Jennifer Conour claims no income and expenses of $9,221, $6,600 of which is for rent and mortgage payments on the horse farm. The category of “other expenses” is marked “TBD.”

Jennifer Conour reported no other monthly expenses greater than $700. But on her Facebook page in mid-December, she listed extensive travels in 2012: 16 trips, including such international destinations as Florence and Venice, Italy; Amsterdam, Madrid, Norway and Helsinki; and continental stops in Sacramento, Calif.; Oregon and Florida, among others.

William Conour bought the Sedgemoor Circle home in the Bridlebourne subdivision in 1996, according to property records. Around that time, Conour was to have established a six-figure trust for a child who was about 18 months old when his father, Michael Condon, died in a workplace accident in South Bend in 1994. Conour’s firm represented Michael Condon’s estate and his survivors in a wrongful-death case that was settled.

“That (trust fund) was the only thing I had left of him,” Zackery Condon said in a telephone interview. A person with knowledge of the cases confirmed Condon among the victims.

Now 19 and living in Mishawaka, Condon said that as a teenager he learned about the trust that Conour was to have established for him. He said he learned that he could expect to receive $10,000 annually, beginning at age 18, for his education.

Condon said Conour released a single payment of $10,000 to him when he enrolled for studies, but not without repeated requests. “I kind of had to drill it out of him,” Condon said.

Sara Masterson, Condon’s mother, said in a phone interview that reaching a settlement was a long, hard process in which she had to repeatedly relive her husband’s death during depositions. When the case was finally resolved, she remembers sitting at the table with Conour as he described the trust structure. Along with the yearly disbursements for his education, Zack would get a quarter of the trust at age 25, half at 30, and the remainder at 35.

“I was a single mom. It meant for me that Zack was going to have an education,” and be provided for when it came time to raise a family, Masterson said.

“From what I understand, Zack is lucky to have gotten what he has,” she said. “That’s what I’ve come to realize … it’s no longer there for him.”

Now, Condon has his own five-month-old son, Isaiah, to support. He said he’s looking for work in a tough economy and doing his best with what’s available to him.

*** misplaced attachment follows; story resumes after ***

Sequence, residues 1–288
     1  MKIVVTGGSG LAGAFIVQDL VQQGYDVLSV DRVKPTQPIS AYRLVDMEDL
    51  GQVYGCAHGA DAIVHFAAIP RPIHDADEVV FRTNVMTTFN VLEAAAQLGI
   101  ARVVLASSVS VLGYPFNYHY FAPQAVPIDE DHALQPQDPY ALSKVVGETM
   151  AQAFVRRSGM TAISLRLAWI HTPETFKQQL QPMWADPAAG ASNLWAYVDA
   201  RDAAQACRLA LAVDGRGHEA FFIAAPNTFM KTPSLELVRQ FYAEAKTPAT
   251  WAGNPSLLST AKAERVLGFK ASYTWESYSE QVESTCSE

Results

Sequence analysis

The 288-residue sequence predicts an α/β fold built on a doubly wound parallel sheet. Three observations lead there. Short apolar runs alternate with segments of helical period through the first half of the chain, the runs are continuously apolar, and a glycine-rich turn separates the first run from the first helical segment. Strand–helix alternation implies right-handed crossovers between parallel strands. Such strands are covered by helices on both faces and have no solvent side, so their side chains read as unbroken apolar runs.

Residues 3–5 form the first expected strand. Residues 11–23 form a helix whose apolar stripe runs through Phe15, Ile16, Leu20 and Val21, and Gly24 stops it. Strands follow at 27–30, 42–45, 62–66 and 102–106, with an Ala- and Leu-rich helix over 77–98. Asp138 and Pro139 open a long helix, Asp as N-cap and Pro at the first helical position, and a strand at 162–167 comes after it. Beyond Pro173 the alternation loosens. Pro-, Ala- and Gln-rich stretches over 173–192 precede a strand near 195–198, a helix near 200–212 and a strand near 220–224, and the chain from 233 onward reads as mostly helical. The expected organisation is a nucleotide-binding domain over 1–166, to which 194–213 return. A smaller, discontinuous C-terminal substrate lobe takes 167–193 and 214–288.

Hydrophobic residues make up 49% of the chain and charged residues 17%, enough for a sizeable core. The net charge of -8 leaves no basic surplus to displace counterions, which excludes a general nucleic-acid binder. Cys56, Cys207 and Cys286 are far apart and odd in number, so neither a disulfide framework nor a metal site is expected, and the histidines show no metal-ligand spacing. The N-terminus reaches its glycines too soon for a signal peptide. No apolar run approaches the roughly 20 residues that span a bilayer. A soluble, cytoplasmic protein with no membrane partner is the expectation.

“I actually have a lot of difficulties,” he said. “I can’t pay for college right now.”

But Condon is looking ahead hopefully. His plan is to study psychology. “I just want to make my life and other people’s lives better than they are,” he said.•

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  • 125k instead I just received 35k
    fifteen years ago this man represented me in an accident that it took two years to to finish I end up with only. 35k I was laid up for awhile from work and from the Army reserves I thought I was kind wrong that he took way over half of the settlement just made me think once I ran across this article
  • Article
    Dad you should reach out to this kid before he makes a big mistake

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  1. I have been on this program while on parole from 2011-2013. No person should be forced mentally to share private details of their personal life with total strangers. Also giving permission for a mental therapist to report to your parole agent that your not participating in group therapy because you don't have the financial mean to be in the group therapy. I was personally singled out and sent back three times for not having money and also sent back within the six month when you aren't to be sent according to state law. I will work to het this INSOMM's removed from this state. I also had twelve or thirteen parole agents with a fifteen month period. Thanks for your time.

  2. Our nation produces very few jurists of the caliber of Justice DOUGLAS and his peers these days. Here is that great civil libertarian, who recognized government as both a blessing and, when corrupted by ideological interests, a curse: "Once the investigator has only the conscience of government as a guide, the conscience can become ‘ravenous,’ as Cromwell, bent on destroying Thomas More, said in Bolt, A Man For All Seasons (1960), p. 120. The First Amendment mirrors many episodes where men, harried and harassed by government, sought refuge in their conscience, as these lines of Thomas More show: ‘MORE: And when we stand before God, and you are sent to Paradise for doing according to your conscience, *575 and I am damned for not doing according to mine, will you come with me, for fellowship? ‘CRANMER: So those of us whose names are there are damned, Sir Thomas? ‘MORE: I don't know, Your Grace. I have no window to look into another man's conscience. I condemn no one. ‘CRANMER: Then the matter is capable of question? ‘MORE: Certainly. ‘CRANMER: But that you owe obedience to your King is not capable of question. So weigh a doubt against a certainty—and sign. ‘MORE: Some men think the Earth is round, others think it flat; it is a matter capable of question. But if it is flat, will the King's command make it round? And if it is round, will the King's command flatten it? No, I will not sign.’ Id., pp. 132—133. DOUGLAS THEN WROTE: Where government is the Big Brother,11 privacy gives way to surveillance. **909 But our commitment is otherwise. *576 By the First Amendment we have staked our security on freedom to promote a multiplicity of ideas, to associate at will with kindred spirits, and to defy governmental intrusion into these precincts" Gibson v. Florida Legislative Investigation Comm., 372 U.S. 539, 574-76, 83 S. Ct. 889, 908-09, 9 L. Ed. 2d 929 (1963) Mr. Justice DOUGLAS, concurring. I write: Happy Memorial Day to all -- God please bless our fallen who lived and died to preserve constitutional governance in our wonderful series of Republics. And God open the eyes of those government officials who denounce the constitutions of these Republics by arbitrary actions arising out capricious motives.